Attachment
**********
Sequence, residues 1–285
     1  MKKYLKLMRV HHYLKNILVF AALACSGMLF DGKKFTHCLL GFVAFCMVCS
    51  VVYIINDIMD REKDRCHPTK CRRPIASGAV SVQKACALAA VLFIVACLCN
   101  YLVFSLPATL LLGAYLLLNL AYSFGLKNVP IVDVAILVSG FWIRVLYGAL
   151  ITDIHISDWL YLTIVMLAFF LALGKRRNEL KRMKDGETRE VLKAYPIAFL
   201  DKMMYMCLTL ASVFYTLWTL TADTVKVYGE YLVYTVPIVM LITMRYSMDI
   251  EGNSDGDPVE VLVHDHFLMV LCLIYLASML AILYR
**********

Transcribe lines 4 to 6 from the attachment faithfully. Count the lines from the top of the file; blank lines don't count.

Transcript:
   101  YLVFSLPATL LLGAYLLLNL AYSFGLKNVP IVDVAILVSG FWIRVLYGAL
   151  ITDIHISDWL YLTIVMLAFF LALGKRRNEL KRMKDGETRE VLKAYPIAFL
   201  DKMMYMCLTL ASVFYTLWTL TADTVKVYGE YLVYTVPIVM LITMRYSMDI